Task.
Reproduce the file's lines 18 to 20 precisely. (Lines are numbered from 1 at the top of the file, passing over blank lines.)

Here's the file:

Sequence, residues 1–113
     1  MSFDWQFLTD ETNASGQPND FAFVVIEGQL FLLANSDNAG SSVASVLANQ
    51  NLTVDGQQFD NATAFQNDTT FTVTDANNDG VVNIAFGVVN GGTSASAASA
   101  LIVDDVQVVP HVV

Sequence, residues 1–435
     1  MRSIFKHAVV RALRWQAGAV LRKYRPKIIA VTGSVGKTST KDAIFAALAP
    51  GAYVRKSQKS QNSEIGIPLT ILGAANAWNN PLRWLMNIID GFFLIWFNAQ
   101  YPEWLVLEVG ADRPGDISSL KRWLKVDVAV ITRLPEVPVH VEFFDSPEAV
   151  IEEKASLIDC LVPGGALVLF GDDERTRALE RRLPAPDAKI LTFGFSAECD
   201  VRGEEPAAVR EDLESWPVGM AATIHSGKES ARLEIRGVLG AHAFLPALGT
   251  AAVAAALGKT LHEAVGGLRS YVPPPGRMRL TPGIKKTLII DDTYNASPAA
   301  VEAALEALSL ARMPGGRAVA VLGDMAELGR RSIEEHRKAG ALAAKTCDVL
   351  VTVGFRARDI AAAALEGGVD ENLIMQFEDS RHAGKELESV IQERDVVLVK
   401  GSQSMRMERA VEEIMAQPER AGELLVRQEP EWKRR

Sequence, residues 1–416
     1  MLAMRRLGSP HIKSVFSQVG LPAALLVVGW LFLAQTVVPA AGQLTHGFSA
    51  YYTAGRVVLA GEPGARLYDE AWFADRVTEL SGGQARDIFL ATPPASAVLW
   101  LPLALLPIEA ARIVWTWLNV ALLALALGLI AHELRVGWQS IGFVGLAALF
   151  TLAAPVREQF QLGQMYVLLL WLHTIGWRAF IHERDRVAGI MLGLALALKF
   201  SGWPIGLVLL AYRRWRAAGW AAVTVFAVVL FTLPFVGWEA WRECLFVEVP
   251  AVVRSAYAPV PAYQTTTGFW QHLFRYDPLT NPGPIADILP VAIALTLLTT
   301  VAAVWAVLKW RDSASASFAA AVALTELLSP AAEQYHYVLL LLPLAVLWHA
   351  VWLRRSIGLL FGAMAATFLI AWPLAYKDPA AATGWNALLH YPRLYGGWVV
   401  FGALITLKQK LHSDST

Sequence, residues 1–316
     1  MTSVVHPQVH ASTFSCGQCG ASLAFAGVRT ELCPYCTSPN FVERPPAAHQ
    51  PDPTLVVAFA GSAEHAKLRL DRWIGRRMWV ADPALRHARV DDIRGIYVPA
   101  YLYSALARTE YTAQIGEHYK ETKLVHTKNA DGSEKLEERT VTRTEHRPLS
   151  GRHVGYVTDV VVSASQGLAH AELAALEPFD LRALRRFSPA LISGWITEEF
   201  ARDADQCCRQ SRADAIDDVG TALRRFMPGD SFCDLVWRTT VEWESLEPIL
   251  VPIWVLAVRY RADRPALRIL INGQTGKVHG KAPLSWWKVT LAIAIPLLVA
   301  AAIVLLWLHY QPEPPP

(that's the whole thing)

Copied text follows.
   101  LPLALLPIEA ARIVWTWLNV ALLALALGLI AHELRVGWQS IGFVGLAALF
   151  TLAAPVREQF QLGQMYVLLL WLHTIGWRAF IHERDRVAGI MLGLALALKF
   201  SGWPIGLVLL AYRRWRAAGW AAVTVFAVVL FTLPFVGWEA WRECLFVEVP